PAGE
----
First it turned out that she was nearly three times the legal limit. She’d also taken cocaine, anti-depressants and a decent shot of heroin. There were bruises on her arms and face, some old, some more recent. Needle marks on her arms. It wasn’t the first time she’d injected. From what the pathologist said, it was entirely possible that she might never have woken up anyway, even without the monoxide. But there she was, in her own car, no sign of anyone else having been there, so really suicide was the only possible verdict.
Oh, one other little detail. She was 3 months pregnant.
So, what was I to make of that? My lovely, lively little girl died a sordid junkie’s death, pregnant with some unknown bloke’s child. Nobody had any ideas about him. Jenny had drifted away from most of her friends, Army wives they’d been. None of the neighbours had seen any male callers beyond the postman and at nearly 60 he didn’t seem likely. I was never going to know, which made it even worse.
Then I had to go and clear out her house. Not something I’d been looking forward to. There seemed so little to show for a life. But I didn’t need a house in Ashford, so it was going to be sold. I really just planned to take a few mementos and other bits and pieces, then call a house clearance firm.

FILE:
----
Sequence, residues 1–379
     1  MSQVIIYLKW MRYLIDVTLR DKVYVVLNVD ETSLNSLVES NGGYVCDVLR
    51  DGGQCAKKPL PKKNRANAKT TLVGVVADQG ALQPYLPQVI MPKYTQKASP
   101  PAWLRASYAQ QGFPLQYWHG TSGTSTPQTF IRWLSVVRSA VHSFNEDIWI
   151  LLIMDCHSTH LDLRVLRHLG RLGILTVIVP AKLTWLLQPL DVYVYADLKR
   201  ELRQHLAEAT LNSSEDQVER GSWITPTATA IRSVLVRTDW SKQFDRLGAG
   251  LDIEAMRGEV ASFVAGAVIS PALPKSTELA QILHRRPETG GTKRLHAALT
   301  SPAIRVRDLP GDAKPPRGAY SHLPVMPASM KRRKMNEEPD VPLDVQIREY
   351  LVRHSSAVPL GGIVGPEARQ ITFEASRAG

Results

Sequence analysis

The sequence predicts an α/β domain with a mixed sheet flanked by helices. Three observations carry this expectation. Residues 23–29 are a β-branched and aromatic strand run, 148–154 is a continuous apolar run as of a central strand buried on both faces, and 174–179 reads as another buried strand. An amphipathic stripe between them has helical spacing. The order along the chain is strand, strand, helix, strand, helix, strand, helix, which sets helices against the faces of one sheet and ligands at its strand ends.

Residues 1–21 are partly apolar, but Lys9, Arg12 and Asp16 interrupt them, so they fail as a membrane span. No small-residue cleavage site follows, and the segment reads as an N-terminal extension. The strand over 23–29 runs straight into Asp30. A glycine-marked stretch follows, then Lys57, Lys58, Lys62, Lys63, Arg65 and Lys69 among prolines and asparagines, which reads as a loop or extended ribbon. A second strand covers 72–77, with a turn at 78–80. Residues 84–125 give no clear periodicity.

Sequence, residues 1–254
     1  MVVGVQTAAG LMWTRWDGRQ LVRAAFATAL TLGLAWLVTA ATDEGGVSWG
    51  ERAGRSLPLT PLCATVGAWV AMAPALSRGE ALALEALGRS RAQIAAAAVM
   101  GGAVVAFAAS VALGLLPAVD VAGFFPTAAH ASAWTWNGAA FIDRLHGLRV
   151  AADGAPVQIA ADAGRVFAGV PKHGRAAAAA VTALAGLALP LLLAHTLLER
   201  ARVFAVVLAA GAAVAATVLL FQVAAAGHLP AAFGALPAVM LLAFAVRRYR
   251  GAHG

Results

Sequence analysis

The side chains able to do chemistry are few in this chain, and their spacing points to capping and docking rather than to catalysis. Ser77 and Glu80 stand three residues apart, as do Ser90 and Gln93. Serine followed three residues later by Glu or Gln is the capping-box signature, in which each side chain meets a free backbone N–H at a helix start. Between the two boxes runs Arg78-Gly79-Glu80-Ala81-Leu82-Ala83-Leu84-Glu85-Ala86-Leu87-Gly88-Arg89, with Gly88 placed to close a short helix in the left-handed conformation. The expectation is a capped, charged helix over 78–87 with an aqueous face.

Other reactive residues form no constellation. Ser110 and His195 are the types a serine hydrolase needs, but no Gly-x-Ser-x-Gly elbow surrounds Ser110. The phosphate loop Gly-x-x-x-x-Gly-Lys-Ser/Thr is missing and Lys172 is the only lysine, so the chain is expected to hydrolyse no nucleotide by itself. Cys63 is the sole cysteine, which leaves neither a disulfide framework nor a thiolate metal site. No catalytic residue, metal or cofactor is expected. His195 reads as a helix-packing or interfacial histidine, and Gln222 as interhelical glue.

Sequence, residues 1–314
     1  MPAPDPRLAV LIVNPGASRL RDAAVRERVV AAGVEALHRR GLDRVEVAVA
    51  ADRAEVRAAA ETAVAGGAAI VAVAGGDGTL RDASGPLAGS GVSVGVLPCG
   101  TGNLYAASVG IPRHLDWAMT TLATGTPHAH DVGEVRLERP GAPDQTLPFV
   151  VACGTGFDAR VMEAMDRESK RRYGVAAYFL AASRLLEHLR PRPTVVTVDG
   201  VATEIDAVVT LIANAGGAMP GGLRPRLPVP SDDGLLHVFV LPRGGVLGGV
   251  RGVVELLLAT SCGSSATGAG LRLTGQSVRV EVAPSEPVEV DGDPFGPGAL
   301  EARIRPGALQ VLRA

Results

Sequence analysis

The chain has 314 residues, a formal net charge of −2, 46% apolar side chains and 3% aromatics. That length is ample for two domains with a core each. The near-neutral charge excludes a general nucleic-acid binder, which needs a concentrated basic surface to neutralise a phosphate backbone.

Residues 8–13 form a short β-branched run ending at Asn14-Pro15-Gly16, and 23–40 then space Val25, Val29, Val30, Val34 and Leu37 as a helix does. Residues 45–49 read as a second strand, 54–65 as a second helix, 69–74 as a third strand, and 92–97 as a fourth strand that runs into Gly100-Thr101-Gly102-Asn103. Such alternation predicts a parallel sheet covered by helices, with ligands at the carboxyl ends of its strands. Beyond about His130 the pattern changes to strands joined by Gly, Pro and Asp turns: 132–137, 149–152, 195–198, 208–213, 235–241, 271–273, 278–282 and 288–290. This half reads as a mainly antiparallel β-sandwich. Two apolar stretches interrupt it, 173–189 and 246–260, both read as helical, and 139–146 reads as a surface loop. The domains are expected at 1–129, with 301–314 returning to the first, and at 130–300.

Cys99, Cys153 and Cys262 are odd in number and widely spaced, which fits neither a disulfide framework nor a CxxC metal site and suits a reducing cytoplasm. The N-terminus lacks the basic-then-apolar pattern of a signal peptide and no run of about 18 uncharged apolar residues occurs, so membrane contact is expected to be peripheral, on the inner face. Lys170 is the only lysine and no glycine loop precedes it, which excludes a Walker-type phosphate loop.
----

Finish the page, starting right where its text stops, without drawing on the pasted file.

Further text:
I was puzzled that I couldn’t find the laptop I’d bought her a year or two back. But then I thought she might have sold it to buy drugs. I have a different theory now.
Do you know, I nearly missed the one thing that set me off on this path. I was all set to lock the door behind me, when an old memory of her childhood hit me. Jenny’s Diary. Her mother and I used to laugh about it, ever since the first time we found it under her mattress. Not that we read it, and not that we mentioned it to her. I wondered. I looked. Yes, still under the mattress.
I took it home. Read it. I cried. A lot. Because it was all there.
She’d met some bloke in a pub when she was trying to drown her sorrows. Smart dresser. Smooth talker. Before she knew it, she was spending nights in motels with him.
Of course he was married. She didn’t know what line he was feeding the wife. Turned out he owned the pub, and a couple of others. He also made a lot of money from distributing drugs.
Jenny must have been easy meat. A little cocaine, them a little more, finally why not try the needle? He never injected, but she started. Not that she felt herself getting too desperate for it just yet. But it was only a matter of time. He could be rough if people argued with him and she was getting frightened.
Then she found she was pregnant, and she got terrified. The last entry was dated the day before they found her body. She’d made up her mind to tell him. He’d been promising to leave his wife, this might be the spur he needed.